Risk-takers and risk-avoiders: germination sensitivity to water stress in an arid zone with unpredictable rainfall

How much water does it take to turn an arid land into a hotbed of new life?

Water availability is a key driver of plant population dynamics in arid ecosystems. Plant recruitment (the formation of new populations or the addition of new individuals to an existing population) is typically episodic in response to rainfall, largely due to the fact that seed germination of arid plant species is controlled by water availability. Some arid plant species adopt a risk-taking strategy and produce seeds with low moisture thresholds that germinate in response to small rainfall events, while others adopt a risk-avoidance strategy such that germination occurs only in wet soils. It is generally assumed that seed germination in arid zones occurs in response to large rainfall events, yet species responses to different-sized rainfall events are rarely quantified. Understanding species’ germination thresholds in such ecosystems is key for conservation and restoration initiatives.

Examples of species from this study show two germination strategies, including the risk-takers—(a) Casuarina pauper and (b) Maireana pyramidata—and the risk-avoiders—(c) Atriplex rhagodioides and (d) Maireana sedifolia. Image credit: Duncan et al.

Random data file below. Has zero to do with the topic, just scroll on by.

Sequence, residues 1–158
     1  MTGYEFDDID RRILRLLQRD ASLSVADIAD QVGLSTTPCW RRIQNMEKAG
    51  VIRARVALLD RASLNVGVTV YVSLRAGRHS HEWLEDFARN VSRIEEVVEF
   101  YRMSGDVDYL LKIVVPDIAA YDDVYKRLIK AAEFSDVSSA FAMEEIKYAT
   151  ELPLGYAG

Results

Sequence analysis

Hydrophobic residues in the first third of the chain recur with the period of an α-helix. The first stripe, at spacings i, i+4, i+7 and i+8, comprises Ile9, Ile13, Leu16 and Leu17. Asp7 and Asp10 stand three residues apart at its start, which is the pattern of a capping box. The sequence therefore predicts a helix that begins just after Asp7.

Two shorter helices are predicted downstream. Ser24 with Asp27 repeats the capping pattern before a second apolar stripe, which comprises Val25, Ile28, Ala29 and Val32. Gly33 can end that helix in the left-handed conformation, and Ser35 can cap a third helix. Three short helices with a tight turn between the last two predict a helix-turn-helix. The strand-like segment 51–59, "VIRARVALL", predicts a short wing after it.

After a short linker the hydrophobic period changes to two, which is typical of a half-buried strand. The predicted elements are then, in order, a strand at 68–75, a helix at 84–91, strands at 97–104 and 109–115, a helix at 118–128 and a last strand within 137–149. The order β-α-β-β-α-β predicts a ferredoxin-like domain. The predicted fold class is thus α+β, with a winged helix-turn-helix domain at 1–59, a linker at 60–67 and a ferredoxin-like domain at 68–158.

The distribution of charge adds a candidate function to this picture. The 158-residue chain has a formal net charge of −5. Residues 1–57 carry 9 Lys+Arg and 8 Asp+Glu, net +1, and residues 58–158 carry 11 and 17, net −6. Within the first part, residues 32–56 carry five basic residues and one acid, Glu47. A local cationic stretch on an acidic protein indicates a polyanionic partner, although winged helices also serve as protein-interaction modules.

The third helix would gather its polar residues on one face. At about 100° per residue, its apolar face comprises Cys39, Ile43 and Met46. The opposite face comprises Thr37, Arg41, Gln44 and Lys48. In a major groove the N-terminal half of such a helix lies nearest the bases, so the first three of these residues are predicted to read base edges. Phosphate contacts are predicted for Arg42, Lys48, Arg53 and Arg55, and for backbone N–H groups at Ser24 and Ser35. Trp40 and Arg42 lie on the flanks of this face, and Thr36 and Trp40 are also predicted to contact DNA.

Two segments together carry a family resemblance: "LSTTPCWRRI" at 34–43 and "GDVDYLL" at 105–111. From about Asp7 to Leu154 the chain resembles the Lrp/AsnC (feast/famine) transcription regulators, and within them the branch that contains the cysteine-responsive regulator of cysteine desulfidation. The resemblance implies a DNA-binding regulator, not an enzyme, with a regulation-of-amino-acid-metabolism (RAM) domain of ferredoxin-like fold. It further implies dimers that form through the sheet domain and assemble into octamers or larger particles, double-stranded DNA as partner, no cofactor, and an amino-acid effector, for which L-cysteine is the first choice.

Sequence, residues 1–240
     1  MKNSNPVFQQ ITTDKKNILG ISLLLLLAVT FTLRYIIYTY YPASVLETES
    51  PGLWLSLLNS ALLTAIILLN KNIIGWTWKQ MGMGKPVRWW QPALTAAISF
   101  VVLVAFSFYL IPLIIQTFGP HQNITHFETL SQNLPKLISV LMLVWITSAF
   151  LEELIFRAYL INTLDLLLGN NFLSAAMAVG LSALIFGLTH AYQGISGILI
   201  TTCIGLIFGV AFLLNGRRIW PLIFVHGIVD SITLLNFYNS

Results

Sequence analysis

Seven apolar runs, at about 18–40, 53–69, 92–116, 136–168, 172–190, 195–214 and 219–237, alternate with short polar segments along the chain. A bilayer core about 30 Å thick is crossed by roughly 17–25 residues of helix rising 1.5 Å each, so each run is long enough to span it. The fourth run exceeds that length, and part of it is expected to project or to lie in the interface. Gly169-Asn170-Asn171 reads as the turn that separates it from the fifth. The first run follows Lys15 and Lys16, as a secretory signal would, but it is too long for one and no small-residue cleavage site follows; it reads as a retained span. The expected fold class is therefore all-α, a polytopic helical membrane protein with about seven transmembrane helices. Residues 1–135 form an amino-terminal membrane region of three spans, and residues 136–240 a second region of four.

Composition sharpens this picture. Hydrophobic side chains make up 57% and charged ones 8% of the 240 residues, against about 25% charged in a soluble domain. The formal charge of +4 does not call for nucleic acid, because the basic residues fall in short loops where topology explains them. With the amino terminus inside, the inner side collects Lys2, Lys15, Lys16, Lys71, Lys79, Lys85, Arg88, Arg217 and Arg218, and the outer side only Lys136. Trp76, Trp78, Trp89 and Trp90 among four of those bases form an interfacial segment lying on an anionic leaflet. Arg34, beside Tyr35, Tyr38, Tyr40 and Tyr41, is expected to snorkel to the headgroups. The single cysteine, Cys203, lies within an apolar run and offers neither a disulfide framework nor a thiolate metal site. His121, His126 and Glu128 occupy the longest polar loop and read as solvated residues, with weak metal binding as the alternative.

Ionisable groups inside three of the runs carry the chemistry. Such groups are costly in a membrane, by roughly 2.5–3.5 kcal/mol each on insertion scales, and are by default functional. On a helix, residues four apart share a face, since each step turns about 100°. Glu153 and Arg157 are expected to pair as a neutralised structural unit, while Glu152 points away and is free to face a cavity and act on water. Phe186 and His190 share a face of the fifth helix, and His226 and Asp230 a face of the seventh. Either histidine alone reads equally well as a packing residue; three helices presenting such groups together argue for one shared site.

In a recent study published in AoBP, Duncan et al. investigated the germination traits of keystone trees and shrubs in an arid ecosystem with unpredictable rainfall. Seeds were collected from arid, south-west New South Wales from remnant populations targeted for restoration. Species adhered to one of two germination strategies: (1) the risk-takers which require less moisture availability for germination and have wide temperature ranges for germination (Casuarina pauper and Maireana pyramidata), and (2) the risk-avoiders that have greater moisture requirements, a preference for cold climate germination, and narrower temperature ranges for germination (Atriplex rhagodioides, Maireana sedifolia and Hakea leucoptera). We suggest that these species have particular adaptations to avoid germination during drought, and this is supported by low base water potentials for germination. The authors highlight that large-scale ecosystem restoration methods could be improved by sowing seed in cooler months, rather than the common practice of sowing in the autumn when soil temperatures are still warm. Whilst germination times may be marginally lengthened by cooler temperatures, overall germination rates will likely be improved due to lower evaporation rates ensuring water retention in the soil.